Having the ability to understand things from another person’s viewpoint is critical for successful social interactions and relationships. Theory of Mind research examines this ability to mentalize another person’s thoughts. Specifically, Theory of Mind refers to both the capacity to (a) think about other people’s knowledge, emotions, desires, and intent and (b) understand that other people’s mental states can differ from one’s own. A widely used task in Theory of Mind research is the Sally-Anne false belief paradigm.
In this paradigm, Sally and Anne play out scenarios for participants. In a critical scenario, Sally moves a ball to one of two locations and subsequently leaves the room. Then Anne moves the ball to the other location. When Sally returns, participants must indicate where she will search for the ball. In other words, the participants must indicate the location that is consistent with Sally’s belief, as opposed to the updated location. In order to give the “correct” answer and demonstrate Theory of Mind, the participants must realize that they have more information about the ball than Sally, and that in fact, Sally has a false belief about the ball’s location.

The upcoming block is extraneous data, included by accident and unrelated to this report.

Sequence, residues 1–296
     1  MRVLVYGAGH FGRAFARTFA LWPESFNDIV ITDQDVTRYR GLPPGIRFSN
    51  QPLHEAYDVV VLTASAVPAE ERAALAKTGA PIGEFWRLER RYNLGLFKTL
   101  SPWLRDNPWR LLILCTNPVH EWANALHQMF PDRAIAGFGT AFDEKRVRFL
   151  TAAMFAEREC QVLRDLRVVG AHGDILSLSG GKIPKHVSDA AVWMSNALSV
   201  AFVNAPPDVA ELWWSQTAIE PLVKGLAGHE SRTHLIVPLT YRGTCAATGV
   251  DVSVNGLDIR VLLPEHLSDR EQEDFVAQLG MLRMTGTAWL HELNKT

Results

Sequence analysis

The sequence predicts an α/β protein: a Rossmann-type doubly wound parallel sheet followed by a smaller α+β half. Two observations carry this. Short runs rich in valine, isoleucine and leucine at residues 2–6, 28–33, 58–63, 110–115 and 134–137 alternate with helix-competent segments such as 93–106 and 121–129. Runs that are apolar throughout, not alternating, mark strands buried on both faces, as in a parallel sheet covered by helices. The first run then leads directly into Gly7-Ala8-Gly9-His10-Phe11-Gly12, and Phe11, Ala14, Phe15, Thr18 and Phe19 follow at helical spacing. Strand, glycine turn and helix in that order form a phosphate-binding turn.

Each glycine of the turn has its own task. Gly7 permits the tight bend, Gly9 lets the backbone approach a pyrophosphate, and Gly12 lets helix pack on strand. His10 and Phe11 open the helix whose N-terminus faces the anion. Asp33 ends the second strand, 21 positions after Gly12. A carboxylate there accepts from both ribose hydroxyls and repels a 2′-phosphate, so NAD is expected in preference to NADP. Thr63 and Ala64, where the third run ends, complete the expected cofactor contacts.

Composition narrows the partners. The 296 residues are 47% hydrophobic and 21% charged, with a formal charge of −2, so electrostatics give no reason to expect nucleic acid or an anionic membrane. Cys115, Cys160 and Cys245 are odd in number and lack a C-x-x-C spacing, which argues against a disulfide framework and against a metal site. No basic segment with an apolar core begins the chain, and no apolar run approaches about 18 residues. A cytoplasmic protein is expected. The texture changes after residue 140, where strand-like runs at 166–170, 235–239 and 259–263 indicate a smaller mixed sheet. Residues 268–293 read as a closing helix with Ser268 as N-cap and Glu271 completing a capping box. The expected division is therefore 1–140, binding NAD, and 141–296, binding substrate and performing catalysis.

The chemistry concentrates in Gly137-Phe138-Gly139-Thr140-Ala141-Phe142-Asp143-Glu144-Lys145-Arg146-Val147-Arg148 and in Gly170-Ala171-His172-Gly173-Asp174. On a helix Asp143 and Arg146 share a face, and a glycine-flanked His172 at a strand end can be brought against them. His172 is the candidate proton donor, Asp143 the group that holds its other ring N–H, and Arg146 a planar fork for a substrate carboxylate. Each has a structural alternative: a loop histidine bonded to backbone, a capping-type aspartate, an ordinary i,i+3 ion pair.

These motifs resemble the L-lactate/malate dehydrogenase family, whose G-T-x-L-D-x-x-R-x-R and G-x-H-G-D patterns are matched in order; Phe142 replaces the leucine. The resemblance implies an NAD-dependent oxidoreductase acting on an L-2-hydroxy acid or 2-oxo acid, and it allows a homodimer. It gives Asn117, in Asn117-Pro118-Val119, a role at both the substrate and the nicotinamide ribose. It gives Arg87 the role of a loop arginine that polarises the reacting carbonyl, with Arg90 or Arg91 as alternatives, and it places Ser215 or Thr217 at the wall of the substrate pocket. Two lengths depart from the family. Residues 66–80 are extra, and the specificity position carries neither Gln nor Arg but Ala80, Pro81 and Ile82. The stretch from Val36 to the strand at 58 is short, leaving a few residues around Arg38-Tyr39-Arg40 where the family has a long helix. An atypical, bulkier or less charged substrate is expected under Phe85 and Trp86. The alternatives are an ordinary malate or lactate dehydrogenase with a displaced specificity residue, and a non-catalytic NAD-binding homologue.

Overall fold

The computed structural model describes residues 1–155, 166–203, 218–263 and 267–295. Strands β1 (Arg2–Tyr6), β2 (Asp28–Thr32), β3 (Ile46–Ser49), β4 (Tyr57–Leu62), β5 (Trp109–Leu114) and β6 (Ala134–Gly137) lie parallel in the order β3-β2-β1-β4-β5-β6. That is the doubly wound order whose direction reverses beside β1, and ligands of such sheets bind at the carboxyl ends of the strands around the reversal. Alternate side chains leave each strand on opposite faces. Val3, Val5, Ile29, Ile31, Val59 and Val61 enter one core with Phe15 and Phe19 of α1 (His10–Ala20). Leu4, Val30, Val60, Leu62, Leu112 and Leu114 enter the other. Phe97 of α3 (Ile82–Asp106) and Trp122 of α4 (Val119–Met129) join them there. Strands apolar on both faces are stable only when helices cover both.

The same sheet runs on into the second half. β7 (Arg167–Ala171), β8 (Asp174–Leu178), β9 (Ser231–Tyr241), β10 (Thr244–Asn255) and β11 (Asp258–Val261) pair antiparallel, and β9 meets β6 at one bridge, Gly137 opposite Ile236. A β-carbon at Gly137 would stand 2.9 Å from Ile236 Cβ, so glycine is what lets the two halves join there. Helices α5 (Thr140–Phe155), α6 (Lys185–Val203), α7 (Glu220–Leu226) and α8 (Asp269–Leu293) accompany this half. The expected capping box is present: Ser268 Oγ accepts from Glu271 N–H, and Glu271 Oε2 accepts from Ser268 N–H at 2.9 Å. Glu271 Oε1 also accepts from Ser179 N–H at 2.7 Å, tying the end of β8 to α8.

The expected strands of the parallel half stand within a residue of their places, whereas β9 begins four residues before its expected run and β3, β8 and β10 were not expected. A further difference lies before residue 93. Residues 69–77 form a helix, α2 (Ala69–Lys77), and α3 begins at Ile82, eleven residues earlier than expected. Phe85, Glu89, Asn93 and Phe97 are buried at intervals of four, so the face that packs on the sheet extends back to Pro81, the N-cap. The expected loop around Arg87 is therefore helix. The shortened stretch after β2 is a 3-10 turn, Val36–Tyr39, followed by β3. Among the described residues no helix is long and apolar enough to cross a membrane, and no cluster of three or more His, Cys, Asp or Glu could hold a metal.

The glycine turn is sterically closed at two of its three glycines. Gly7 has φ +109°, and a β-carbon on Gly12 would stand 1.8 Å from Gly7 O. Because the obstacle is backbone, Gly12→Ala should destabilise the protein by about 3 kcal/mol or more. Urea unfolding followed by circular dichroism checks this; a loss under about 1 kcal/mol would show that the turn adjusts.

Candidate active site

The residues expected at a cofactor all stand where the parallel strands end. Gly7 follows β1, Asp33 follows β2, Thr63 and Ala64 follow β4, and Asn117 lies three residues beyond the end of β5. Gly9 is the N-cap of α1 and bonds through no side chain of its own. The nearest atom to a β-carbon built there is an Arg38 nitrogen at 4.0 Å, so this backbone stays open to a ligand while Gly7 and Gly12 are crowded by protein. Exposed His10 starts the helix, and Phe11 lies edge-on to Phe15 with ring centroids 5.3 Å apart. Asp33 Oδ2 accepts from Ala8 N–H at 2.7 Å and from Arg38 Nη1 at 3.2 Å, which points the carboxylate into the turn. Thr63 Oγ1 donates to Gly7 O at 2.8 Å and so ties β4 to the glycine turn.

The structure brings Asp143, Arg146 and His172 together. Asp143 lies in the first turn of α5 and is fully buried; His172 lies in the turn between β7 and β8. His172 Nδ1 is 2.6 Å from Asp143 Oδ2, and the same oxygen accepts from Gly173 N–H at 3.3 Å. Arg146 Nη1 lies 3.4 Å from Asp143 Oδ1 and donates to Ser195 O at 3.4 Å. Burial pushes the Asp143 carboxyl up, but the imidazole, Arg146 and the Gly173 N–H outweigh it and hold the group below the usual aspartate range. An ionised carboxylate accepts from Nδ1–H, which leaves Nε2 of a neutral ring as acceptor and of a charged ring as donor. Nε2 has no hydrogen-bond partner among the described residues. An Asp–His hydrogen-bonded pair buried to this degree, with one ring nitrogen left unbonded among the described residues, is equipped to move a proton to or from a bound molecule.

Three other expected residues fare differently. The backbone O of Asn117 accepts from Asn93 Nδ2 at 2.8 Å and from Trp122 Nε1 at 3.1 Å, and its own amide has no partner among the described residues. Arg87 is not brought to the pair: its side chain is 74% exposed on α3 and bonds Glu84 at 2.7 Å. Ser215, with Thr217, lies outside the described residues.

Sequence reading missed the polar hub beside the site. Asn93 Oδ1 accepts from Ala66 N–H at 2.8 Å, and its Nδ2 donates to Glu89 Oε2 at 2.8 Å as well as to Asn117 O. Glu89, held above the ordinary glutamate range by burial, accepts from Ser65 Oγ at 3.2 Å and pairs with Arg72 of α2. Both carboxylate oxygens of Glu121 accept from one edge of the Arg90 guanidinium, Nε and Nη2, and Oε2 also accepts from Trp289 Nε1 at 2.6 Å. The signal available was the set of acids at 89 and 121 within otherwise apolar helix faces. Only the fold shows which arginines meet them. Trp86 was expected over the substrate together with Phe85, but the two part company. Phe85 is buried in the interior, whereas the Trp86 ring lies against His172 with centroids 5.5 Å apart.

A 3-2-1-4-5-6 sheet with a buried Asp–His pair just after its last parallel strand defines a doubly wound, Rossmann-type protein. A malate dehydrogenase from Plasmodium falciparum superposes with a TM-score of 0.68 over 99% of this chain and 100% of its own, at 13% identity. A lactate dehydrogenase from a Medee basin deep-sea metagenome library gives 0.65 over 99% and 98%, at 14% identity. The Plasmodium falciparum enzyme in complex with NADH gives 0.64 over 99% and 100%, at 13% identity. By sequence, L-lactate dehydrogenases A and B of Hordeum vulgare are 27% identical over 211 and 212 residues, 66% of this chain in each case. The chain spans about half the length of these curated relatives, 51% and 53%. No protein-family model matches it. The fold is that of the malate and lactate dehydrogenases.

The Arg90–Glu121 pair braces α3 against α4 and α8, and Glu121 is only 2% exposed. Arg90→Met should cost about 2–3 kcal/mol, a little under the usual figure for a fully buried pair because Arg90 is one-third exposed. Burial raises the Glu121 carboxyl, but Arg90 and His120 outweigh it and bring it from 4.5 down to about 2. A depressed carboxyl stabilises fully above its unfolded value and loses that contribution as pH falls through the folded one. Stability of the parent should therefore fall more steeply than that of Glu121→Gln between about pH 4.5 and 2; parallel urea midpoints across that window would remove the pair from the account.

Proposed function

Historically, it was thought that Theory of Mind, and the ability to “pass” such false-belief tasks, develops between three and four years of age. More recent research, however, suggests that at least some aspects of Theory of Mind may develop before children’s first birthday. Other recent studies have suggested that adults can engage Theory of Mind processing without awareness of doing so. Notably, when questioned after performing a Theory of Mond task, adults showed no conscious awareness of mentalizing another person’s thoughts, suggesting some cognitive processing in Theory of Mind can be unconscious. A two-pathway account may explain these conflicting results: One pathway is unconscious, automatic, quick and early-developing – an “implicit” Theory of Mind. The other pathway is conscious, effortful, and later-developing – an “explicit” Theory of Mind.